(Le Mars) -- The Plymouth County Board of Supervisors also certified the city of Le Mars portion of the debt as part of the Joint Urban Renewal Development project. The total amounts to $15,850,467. Earlier in the month, the county de-certified its debt in the amount of $23,744. The debt relates to the Le Mars Industrial Business Area located on the southern edge of town.
City Closes Grass, Leaf, And Twig Disposal Site
(Le Mars) -- There will be no more disposal of grass, leaves, and twigs at the city disposal site, at least not for this year. City officials announced during the city council meeting on Tuesday that the site located on the west side of town is closing, effective immediately.
Sioux City Woman "Bumped" By Train
SIOUX CITY, Iowa (AP) - Authorities say a woman who was "bumped" by a train in Sioux City has been hospitalized with non-life-threatening injuries.
Sioux City police Lt. Rex Mueller says the woman stepped onto tracks Monday as a train was approaching. The engineer was able to slow down the train, and Mueller says it "bumped her."
The woman was taken to a local hospital with non-life-threatening injuries. Additional information about her condition is not available.
Mueller says the woman appeared to be emotionally distressed prior as she walked on the tracks. No other information was released about the circumstances of the incident.
Authorities Investigate School Fire
COUNCIL BLUFFS, Iowa (AP) - Council Bluffs authorities are investigating a fire that led to the evacuation of an area high school.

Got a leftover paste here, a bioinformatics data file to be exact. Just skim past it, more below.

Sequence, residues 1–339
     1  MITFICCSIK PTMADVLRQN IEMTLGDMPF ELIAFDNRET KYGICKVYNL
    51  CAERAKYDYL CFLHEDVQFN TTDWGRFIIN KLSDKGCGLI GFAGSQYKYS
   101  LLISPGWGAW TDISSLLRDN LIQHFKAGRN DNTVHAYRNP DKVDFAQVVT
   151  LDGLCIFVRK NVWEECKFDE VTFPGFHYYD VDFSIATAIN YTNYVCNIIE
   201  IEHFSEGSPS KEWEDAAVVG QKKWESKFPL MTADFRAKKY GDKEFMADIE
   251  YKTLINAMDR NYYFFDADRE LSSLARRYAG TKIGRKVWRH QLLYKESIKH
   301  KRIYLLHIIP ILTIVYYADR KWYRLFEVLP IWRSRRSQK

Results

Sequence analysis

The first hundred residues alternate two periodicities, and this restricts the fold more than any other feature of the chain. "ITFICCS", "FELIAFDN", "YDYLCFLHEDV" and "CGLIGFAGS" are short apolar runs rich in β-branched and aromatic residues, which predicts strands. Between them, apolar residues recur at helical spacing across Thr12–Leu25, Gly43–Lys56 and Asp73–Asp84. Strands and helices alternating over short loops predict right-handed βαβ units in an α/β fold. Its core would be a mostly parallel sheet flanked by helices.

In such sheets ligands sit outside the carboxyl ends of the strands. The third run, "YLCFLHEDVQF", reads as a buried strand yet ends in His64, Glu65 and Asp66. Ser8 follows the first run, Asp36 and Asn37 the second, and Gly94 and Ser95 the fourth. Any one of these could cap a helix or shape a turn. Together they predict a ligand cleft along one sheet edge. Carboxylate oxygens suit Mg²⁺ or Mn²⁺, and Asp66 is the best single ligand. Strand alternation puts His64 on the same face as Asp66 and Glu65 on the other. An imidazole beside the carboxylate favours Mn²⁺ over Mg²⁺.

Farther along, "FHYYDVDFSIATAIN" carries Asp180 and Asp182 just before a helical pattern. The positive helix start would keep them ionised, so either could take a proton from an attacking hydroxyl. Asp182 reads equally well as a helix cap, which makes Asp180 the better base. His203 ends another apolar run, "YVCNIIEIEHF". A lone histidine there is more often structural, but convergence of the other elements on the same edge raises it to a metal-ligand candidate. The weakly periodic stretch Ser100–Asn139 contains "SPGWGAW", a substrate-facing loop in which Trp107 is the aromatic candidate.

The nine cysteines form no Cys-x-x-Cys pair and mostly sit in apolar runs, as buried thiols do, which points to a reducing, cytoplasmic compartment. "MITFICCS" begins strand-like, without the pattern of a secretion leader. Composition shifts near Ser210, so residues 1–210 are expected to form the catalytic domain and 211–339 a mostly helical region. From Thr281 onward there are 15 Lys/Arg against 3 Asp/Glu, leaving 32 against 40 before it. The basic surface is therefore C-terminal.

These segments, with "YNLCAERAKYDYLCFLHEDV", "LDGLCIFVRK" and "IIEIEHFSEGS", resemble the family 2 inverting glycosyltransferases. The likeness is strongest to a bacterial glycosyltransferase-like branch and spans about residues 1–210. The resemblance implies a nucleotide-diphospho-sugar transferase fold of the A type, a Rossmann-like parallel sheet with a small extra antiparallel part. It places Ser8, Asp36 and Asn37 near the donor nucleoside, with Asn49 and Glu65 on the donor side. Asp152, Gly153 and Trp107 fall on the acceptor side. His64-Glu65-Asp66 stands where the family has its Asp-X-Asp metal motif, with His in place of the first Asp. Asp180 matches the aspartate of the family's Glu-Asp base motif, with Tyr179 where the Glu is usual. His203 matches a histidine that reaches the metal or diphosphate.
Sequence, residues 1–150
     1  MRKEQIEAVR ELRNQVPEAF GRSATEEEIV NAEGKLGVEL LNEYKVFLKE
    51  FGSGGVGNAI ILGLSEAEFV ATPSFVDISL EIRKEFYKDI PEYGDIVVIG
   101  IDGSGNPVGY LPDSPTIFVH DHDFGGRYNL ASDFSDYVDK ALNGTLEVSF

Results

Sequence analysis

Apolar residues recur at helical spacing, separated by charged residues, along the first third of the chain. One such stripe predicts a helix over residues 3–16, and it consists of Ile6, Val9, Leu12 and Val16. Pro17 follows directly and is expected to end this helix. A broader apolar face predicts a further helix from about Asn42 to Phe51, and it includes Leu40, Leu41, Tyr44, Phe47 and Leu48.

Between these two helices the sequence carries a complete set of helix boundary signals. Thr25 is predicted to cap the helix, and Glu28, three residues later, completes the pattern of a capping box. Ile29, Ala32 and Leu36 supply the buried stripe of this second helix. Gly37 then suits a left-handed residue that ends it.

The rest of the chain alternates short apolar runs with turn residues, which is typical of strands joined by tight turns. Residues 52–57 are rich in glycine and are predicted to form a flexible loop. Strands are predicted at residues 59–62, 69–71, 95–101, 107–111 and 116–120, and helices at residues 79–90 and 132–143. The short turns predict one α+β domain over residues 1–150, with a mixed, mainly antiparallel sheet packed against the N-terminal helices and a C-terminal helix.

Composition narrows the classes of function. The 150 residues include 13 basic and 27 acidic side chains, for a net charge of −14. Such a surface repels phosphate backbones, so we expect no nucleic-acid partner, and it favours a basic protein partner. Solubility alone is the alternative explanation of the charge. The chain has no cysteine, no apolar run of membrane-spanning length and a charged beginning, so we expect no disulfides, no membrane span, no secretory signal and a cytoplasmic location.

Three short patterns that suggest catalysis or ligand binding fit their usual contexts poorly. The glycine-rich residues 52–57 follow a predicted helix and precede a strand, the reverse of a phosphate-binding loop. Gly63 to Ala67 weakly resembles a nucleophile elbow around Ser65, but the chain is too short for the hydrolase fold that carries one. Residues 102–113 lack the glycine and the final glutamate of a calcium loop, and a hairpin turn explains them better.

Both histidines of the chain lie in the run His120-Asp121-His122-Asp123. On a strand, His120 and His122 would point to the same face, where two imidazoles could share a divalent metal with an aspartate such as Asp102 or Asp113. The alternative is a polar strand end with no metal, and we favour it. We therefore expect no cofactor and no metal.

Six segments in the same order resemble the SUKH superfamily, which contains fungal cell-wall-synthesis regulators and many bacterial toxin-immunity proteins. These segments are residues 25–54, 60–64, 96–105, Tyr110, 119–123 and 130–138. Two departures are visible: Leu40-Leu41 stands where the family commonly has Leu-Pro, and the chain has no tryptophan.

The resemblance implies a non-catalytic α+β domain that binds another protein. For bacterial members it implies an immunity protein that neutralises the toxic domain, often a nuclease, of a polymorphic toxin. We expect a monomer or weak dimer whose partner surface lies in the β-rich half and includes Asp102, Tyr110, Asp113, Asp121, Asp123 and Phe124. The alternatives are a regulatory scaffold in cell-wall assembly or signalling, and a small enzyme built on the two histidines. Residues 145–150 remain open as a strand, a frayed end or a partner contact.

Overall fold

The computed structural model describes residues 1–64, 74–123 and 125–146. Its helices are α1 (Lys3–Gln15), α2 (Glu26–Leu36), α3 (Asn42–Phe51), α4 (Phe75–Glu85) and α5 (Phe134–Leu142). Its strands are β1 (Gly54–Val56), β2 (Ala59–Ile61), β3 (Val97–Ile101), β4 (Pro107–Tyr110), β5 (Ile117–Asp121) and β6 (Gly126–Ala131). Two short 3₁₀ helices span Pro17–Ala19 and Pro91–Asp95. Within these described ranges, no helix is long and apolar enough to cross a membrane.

No injuries were reported after the fire at Abraham Lincoln High School on Tuesday. Council Bluffs Fire Marshal Larry Wohlers says someone intentionally set fire to a football tackling dummy in the school field house.
Smoke and flames activated a sprinkler system that extinguished the flames.
The school was evacuated for about 10 minutes while the firefighters worked to vent the smoke.
School officials say there is water damage on the balcony and in the music wing at the school.
No arrests have been reported.
King To Host Presidential Summit In January
(Washington) -- Congressman Steve King will host several potential 2016 presidential candidates at an Iowa political summit in January.
King and the conservative group Citizens United will co-host will hold the Iowa Freedom Summit on January 24th in Des Moines.
Confirmed participants include Texas Senator Ted Cruz, former Arkansas Governor Mike Huckabee, former Pennsylvania Senator Rick Santorum and Utah Senator Mike Lee.
All are considered possible 2016 Republican presidential candidates.
Other participants include Tennessee Representative Marsha Blackburn, Ambassador John Bolton and Carly Fiorina, the former CEO of Hewlitt-Packard.
King says this is the right time to bring leaders to Iowa in advance of the state's leadoff caucuses in early 2016.
King says the event will "energize conservatives".
Iowa Pharmacy Board To Review Changing Status For Marijuana
DES MOINES, Iowa (AP) - The Iowa Board of Pharmacy will consider again recommending changing state law to reclassify marijuana so it could be used to treat medical conditions.